Friday, April 9, 2010
I Recommend: Goose
From time to time, I stumble upon a book about adoption that I'm not expecting to be about adoption.
GOOSE by Molly Bang is a wonderful example.
I picked it out randomly at our library. It sat for a few days before we got around to reading it. When I did read it, though, I was touched by its simple, poignant story.
A goose egg rolls into a woodchuck hole. The egg hatches and the gosling is raised by the woodchuck family.
I thought at first this would be a retelling of the Ugly Duckling story. But it isn't. The woodchuck family adores the gosling. They raise her well. They teach her everything they know: how to swim, how to build.
Goose is happy for a long time, but not complete. When she reaches maturity, she deals with a depression she can't explain. Because of this, she sets out on her own, wandering aimlessly through the dark night. Accidentally slipping off a cliff, she's sure her life is over. But during the long drop down, Goose learns to fly.
This is a beautiful coming of age story. It's in the epiphany of her darkest moment that she discovers a talent that distinguishes her from the rest of her family. She is able to fly home to the woodchucks with a sense of completeness.
I don't know how this story will apply to a human adoption story. I'm thinking, of course, of my daughter Olivia. I don't know what the future will hold, what her personal struggles will be. I wonder if someday she'll find a talent that was given her by nature and not by nurture, one she'll share with her birth family (though she may never know for sure), something that delights her soul and makes her spread her wings.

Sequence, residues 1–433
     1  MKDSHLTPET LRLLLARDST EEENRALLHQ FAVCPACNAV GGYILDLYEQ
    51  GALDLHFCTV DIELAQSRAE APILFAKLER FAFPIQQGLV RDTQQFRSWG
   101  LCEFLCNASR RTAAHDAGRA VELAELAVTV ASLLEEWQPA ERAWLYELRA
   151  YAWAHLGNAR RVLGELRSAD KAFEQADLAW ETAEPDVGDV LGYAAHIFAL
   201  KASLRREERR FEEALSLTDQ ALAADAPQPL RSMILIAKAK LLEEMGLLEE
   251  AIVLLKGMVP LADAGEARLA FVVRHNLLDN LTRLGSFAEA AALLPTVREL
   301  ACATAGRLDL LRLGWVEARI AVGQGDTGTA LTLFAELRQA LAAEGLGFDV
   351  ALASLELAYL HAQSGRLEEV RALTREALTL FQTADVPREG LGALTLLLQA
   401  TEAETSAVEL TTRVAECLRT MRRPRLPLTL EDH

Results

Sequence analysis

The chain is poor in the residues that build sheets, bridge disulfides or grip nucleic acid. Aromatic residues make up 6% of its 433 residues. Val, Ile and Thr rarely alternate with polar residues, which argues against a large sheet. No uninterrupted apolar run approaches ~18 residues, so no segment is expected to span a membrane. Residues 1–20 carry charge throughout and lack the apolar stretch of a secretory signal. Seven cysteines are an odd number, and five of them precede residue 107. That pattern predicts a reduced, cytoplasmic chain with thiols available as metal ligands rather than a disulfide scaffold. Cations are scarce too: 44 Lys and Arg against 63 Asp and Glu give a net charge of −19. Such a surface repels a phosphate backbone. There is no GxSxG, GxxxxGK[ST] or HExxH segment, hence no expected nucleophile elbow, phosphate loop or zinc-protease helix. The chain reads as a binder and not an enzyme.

There's also a lesson in here for me: that there's a time to let go, to let a child find their wings. Not yet, though. But I know that day will come.
I'd be remiss at this point if I didn't talk about some great news our good friends in China just received.
I was with my dear friend Megan the day she first saw her daughter Rose. Rose was an orphan who'd been sent to the orphanage as a baby. A British woman took her as an infant and raised her for several years. But when this woman's visa expired and the government forced her to leave China, she had no choice but to send Rose back to the orphanage.
Rose only spoke English (with a British accent!). The orphanage director asked if any English-speakers in our community would be willing to provide foster care for her. My friend Megan and her husband Mark offered to help. I remember seeing Rose for the first time in the four-year-old room, sitting at the table, playing with playdough. Megan and I were both stunned by how beautiful she was. Poor sweet thing! She must have been so confused being back at the orphanage surrounded by people who didn't speak her language!
To make a long story short, over the course of the last four years Megan and Mark thought they were going to lose Rose twice. The Chinese Adoption Administration matched her paperwork with two different families at two different times. My friends had to fight to keep Rose in their home. But just this last week, they received their official referral for Rose's adoption. After four years, they will be able to officially adopt their daughter.
Of course, this mirrors our family's experience in many ways. Two years ago, around this time of year, we received our referral for our then six-year-old daughter Olivia. It had been a wait of six and a half years to receive that paperwork. I remember that insane feeling of disbelief and joy and overwhelming thankfulness ... I know my dear friend Megan is feeling that now!
Congratulations, Mark, Megan, Rose, & Grace! We are so happy for you!
And I'm so thankful for adoption, I don't even mind being the woodchuck in the equation.